A Digest of the Week’s Exclusives

4 May: The suicide terror attack at the Blues cafe Mike’s Place near the US Embassy in Tel Aviv last Wednesday, April 30, was made possible by grave security lapses – British and Israeli.

British security and intelligence services have paid in the past – and will continue to pay long and dear – for their government’s policy of giving extremist Muslims free rein in the country, a policy dating back to the 1950s. When Washington pointed to the dangers posed by this policy, London explained that their presence facilitated the penetration by the British services of extremist groups and enabled them to nip terrorist outbreaks in the bud.

In the last two years, since British Muslim fundamentalists began joining al Qaeda this “intelligence” argument lost its credibility. It is no coincidence that at least three of the most vicious terrorist attacks in the last two years were perpetrated by radical Muslims who worshiped, studied and joined activities centering on the Finsbury Park mosque. Britain’s security service knew about the pair of British bombers who later attacked Mike’s Place and their links with Islamic extremists but did not place them under surveillance. According to London’s “intelligence” argument, British security on the spot should have been able to uncover the plans afoot there and acted to prevent them. That this did not happen lays Britain – and not just Israel – open to the threat of terror.

Some US terror experts suggest that they have turned the tables on British intelligence. Instead of accessing the militant groups, MI5 and MI6 have themselves been penetrated.

Because of this suspicion, the Americans denied the British any real military or intelligence role in the Afghan War. Today, they take into account that the British government has not abandoned its indulgent asylum policy and favors a pro-Arab stance in the Middle East – even after the Iraq War and even after three British terrorists linked to al Qaeda gained logistical support and a Palestinian jumping off or training base in the Gaza Strip in the last two years. There, in 2001, the “shoe bomber” was instructed in the craft of blowing up airliners and in April 2003, Hanif and Khan followed in his explosive footsteps. Palestinian security would scarcely have missed the two British terrorists’ arrival. At best, their plans were known: at worst, the local Palestinian services extended the two British terrorists a helping hand for preparing their operation and moving in and out of Israel. In any case, Fatah and Hamas publicized their role n what was clearly a combined operation.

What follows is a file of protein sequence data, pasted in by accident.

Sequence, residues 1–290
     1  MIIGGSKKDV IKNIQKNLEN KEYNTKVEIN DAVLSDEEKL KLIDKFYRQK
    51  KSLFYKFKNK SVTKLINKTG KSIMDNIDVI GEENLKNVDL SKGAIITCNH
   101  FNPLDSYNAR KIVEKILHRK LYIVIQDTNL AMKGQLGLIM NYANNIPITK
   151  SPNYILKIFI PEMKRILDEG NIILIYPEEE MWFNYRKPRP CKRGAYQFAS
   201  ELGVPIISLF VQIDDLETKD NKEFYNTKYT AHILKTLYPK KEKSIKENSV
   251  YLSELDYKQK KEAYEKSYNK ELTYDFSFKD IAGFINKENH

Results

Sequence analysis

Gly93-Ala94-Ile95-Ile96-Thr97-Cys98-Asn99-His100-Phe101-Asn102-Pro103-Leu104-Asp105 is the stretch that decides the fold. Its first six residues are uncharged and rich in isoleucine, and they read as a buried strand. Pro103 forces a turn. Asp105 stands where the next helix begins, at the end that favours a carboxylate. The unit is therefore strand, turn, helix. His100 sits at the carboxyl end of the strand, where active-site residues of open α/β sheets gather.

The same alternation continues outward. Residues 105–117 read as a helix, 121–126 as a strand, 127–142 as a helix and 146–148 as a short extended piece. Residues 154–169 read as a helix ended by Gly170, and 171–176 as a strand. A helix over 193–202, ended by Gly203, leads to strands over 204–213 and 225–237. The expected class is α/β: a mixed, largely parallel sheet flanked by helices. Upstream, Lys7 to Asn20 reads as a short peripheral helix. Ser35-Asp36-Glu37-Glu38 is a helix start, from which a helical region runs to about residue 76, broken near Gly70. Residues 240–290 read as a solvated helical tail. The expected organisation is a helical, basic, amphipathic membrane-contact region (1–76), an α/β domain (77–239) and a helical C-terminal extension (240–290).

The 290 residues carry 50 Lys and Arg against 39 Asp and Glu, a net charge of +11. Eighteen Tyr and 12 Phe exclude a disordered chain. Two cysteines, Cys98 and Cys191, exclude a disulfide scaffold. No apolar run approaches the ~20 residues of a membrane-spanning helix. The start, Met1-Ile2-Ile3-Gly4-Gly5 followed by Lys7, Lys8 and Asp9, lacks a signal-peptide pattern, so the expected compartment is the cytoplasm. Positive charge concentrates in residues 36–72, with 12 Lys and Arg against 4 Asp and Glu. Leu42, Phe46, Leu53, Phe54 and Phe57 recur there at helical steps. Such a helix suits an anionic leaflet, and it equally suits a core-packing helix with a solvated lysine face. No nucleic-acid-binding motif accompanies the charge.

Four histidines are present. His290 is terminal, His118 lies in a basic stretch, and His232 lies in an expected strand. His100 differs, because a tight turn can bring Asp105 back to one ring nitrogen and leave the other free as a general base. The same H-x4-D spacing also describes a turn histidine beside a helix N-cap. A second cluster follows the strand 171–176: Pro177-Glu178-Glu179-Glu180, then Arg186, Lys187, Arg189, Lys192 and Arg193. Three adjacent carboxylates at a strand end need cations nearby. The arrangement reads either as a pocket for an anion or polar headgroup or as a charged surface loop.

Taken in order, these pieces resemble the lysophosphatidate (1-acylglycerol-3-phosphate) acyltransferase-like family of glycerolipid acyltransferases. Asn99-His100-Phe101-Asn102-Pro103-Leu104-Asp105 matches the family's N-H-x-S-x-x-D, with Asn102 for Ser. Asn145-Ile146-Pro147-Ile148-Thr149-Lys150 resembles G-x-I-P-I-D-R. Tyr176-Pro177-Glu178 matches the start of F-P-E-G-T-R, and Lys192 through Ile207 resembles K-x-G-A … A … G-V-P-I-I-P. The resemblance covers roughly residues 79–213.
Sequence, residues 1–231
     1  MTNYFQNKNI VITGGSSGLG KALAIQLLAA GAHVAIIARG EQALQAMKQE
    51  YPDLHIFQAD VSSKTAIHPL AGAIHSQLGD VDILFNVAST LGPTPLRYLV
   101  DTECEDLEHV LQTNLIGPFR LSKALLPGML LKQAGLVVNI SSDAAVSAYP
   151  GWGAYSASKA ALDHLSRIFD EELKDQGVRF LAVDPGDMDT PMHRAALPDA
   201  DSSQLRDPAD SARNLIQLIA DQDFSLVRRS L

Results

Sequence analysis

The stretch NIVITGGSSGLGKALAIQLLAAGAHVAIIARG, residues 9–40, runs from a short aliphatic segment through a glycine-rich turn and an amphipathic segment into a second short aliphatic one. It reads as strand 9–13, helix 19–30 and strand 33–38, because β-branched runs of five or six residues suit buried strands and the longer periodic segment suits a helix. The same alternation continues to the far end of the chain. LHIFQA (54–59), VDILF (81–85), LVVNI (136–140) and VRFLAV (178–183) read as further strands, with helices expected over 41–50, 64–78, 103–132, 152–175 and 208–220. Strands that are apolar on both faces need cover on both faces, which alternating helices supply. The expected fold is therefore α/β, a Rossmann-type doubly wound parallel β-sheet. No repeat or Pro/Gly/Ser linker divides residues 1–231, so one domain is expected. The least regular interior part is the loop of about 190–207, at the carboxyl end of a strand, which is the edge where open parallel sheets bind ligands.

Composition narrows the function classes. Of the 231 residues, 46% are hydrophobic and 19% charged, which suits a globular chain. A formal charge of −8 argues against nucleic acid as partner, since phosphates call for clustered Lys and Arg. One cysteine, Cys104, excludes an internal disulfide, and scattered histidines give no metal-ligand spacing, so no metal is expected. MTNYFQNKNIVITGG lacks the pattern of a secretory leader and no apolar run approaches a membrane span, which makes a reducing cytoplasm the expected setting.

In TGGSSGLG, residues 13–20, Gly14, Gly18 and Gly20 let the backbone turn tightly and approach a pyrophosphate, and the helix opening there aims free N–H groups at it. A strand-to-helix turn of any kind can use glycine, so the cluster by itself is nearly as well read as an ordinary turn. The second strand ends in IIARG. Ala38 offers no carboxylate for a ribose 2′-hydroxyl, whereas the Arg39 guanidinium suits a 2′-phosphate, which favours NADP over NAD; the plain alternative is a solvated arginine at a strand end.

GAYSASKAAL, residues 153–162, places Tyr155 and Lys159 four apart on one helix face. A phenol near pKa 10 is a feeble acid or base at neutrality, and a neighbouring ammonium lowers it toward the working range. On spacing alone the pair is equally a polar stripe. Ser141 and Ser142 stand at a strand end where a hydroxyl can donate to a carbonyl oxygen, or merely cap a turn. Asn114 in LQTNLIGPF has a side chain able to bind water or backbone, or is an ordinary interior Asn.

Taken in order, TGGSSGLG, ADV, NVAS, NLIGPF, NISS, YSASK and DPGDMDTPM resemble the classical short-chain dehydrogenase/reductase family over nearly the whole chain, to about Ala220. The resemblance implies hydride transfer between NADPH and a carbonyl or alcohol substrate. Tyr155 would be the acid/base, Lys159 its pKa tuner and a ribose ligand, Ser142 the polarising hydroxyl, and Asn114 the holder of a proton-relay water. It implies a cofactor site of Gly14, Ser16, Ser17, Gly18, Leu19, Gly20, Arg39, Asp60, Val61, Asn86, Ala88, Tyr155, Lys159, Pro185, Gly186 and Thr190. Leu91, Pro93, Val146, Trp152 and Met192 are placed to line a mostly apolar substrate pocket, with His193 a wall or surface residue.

This is the point at which Israeli and British security must share responsibility for failing to pick up on the terror conspiracy in motion.

Some Israeli media echo the British campaign that glorifies the actions of the “foreign peace activists” who provide armed Palestinians with human shields against Israel counter-terror operations. During the first Palestinian uprising in 1987, scores of British pro-Palestinian welfare workers entered the Gaza Strip, most of them Oxfam volunteers. Many converged on the strategic Rafah sector. The few Israeli security experts who took note of their presence remarked that the worst excesses of the uprising erupted in the very areas frequented by the British anti-war activists. Sixteen years later, the “peace activists” are back in the Rafah region close to the Israel-Egyptian frontier and the arms smuggling tunnels. Since they arrived, this sector is fast becoming one of the most militarily sensitive of Israel’s many fighting fronts, no less than the Israel-Lebanese frontier. As the presence of “peace activists” expands, Israeli-Palestinian clashes gain in ferociousness and the death toll rises.

Hanif and Sharif posed as peace activists to pass between the Gaza Strip and Israel. Another gaping hole in Israeli security was used by the two terrorists when they smuggled unknown explosive substances into Israel for use in their bomb belts. These substances may have passed through Israeli security screening at two border crossings without being detected. Even carried in a Koran, they should have been found.

7 May: From the intelligence treasure trove unearthed in Baghdad, America has distributed to its war allies some materials relevant to their national security. In addition, the administration has secretly handed over to various Middle East and Persian Gulf governments the names of ministers and public figures who were handsomely rewarded by Saddam Hussein for supporting his case in deliberations at the United Nations, other international bodies and inter-Arab forums. Washington was given to understand that these public officials would be held to account by their governments. This process has started quietly in Qatar and Jordan, where our intelligence sources expect overnight resignations of senior cabinet members.

Print Friendly, PDF & Email